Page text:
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SETJMP(3)	       FreeBSD Library Functions Manual		     SETJMP(3)

NAME
     sigsetjmp,	siglongjmp, setjmp, longjmp, _setjmp, _longjmp -- non-local
     jumps

SYNOPSIS
     #include <setjmp.h>

     int
     sigsetjmp(sigjmp_buf env, int savemask);

     void
     siglongjmp(sigjmp_buf env,	int val);

     int
     setjmp(jmp_buf env);

     void
     longjmp(jmp_buf env, int val);

     int
     _setjmp(jmp_buf env);

     void
     _longjmp(jmp_buf env, int val);

DESCRIPTION
     The sigsetjmp(), setjmp(),	and _setjmp() functions	save their calling en-
     vironment in env.	Each of	these functions	returns	0.

     The corresponding longjmp() functions restore the environment saved by
     the most recent invocation	of the respective setjmp() function.  They
     then return so that program execution continues as	if the corresponding
     invocation	of the setjmp()	call had just returned the value specified by
     val, instead of 0.	 The value specified by	val must be non-zero; a	0
     value is treated as 1 to allow the	programmer to differentiate between a
     direct invocation of setjmp() and a return	via longjmp().

     Pairs of calls may	be intermixed; i.e., both sigsetjmp() and siglongjmp()
     as	well as	setjmp() and longjmp() combinations may	be used	in the same
     program.  However,	individual calls may not -- e.g., the env argument to
     setjmp() may not be passed	to siglongjmp().

     The longjmp() routines may	not be called after the	routine	which called
     the setjmp() routines returns.

     All accessible objects have values	as of the time the longjmp() routine
     was called, except	that the values	of objects of automatic	storage	invo-
     cation duration that do not have the volatile type	and have been changed
     between the setjmp() invocation and longjmp() call	are indeterminate.

     The setjmp()/longjmp() function pairs save	and restore the	signal mask
     while the _setjmp()/_longjmp() function pairs save	and restore only the
     register set and the stack	(see sigprocmask(2)).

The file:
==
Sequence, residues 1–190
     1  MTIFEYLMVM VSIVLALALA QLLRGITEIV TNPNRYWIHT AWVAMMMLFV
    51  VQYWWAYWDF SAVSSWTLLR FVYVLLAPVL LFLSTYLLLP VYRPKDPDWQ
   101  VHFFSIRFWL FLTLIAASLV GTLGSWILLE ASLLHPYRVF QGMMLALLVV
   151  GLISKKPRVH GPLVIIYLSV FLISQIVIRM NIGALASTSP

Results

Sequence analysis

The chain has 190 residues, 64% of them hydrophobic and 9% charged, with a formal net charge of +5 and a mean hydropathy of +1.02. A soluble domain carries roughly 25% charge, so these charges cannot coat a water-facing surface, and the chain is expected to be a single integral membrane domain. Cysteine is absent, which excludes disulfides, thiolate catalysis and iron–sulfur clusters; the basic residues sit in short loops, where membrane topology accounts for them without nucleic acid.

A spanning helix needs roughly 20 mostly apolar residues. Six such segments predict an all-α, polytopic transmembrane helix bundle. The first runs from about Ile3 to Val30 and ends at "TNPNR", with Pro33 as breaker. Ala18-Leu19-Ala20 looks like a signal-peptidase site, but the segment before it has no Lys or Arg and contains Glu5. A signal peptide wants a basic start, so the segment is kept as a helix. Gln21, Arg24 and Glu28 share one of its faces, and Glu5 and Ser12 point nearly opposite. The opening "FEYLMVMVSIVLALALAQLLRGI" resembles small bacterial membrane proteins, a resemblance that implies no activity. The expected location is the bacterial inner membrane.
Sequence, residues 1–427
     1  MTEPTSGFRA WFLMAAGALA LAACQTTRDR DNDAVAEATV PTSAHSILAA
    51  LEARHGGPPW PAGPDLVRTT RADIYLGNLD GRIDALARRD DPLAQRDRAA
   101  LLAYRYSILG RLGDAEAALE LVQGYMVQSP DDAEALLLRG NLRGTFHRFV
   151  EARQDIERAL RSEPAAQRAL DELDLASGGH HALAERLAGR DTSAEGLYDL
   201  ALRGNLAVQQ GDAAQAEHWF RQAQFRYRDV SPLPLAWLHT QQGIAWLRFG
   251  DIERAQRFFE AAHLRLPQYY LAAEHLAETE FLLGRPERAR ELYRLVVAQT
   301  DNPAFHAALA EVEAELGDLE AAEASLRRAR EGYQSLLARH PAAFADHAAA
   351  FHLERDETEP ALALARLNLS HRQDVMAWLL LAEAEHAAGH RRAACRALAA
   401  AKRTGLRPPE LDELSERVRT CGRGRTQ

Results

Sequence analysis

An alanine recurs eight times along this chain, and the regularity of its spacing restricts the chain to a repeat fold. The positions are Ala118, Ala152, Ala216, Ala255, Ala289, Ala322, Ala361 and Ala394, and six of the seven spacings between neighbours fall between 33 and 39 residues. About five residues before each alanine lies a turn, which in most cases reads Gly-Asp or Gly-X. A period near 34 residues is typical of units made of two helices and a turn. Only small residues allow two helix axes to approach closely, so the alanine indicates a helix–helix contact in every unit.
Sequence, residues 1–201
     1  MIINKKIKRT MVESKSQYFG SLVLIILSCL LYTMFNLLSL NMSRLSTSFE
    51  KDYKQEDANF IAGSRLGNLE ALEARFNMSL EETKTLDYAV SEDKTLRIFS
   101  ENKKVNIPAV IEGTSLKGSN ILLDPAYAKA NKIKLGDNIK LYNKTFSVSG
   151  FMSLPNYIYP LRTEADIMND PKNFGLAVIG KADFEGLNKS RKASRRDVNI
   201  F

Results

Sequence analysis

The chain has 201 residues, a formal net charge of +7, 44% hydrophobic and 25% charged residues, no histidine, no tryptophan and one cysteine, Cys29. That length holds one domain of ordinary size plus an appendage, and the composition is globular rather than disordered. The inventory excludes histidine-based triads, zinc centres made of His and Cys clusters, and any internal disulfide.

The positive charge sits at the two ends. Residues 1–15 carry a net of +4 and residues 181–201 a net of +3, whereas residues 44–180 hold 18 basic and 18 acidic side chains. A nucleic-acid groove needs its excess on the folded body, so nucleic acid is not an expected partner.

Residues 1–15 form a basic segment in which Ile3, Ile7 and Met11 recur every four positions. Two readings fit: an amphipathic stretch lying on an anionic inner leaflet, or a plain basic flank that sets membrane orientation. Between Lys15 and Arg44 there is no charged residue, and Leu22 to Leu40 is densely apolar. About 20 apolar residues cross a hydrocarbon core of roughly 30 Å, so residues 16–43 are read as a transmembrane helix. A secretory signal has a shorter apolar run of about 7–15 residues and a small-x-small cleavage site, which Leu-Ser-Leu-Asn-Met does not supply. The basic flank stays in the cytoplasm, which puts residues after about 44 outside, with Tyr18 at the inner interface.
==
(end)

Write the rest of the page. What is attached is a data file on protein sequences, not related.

The sigsetjmp()/siglongjmp() function pairs save and restore the signal
     mask if the argument savemask is non-zero.	 Otherwise, only the register
     set and the stack are saved.

     In	other words, setjmp()/longjmp()	are functionally equivalent to
     sigsetjmp()/siglongjmp() when sigsetjmp() is called with a	non-zero
     savemask argument.	 Conversely, _setjmp()/_longjmp() are functionally
     equivalent	to sigsetjmp()/siglongjmp() when sigsetjmp() is	called with a
     zero-value	savemask.

     The sigsetjmp()/siglongjmp() interfaces are preferred for maximum porta-
     bility.

SEE ALSO
     sigprocmask(2)

STANDARDS
     The setjmp() and longjmp()	functions conform to ANSI X3.159-1989
     ("ANSI C89").  The	sigsetjmp() and	siglongjmp() functions conform to
     ISO/IEC 9945-1:1990 ("POSIX.1").

HISTORY
     The setjmp() and longjmp()	functions first	appeared in the	Programmer's
     Workbench (PWB/UNIX).

CAVEATS
     Historically, on AT&T System V UNIX, the setjmp()/longjmp() functions
     have been equivalent to the BSD _setjmp()/_longjmp() functions and	do not
     restore the signal	mask.  Because of this discrepancy, the
     sigsetjmp()/siglongjmp() interfaces should	be used	if portability is de-
     sired.

     Use of longjmp() or siglongjmp() from inside a signal handler is not as
     easy as it	might seem.  Generally speaking, all possible code paths be-
     tween the setjmp()	and longjmp() must be signal race safe,	as discussed
     in	signal(3).  Furthermore, the code paths	must not do resource manage-
     ment (such	as open(2) or close(2))	without	blocking the signal in ques-
     tion, or resources	might be mismanaged.  Obviously	this makes longjmp()
     much less useful than previously thought.

FreeBSD	13.0			 May 23, 2016			  FreeBSD 13.0

NAME | SYNOPSIS | DESCRIPTION | SEE ALSO | STANDARDS | HISTORY | CAVEATS

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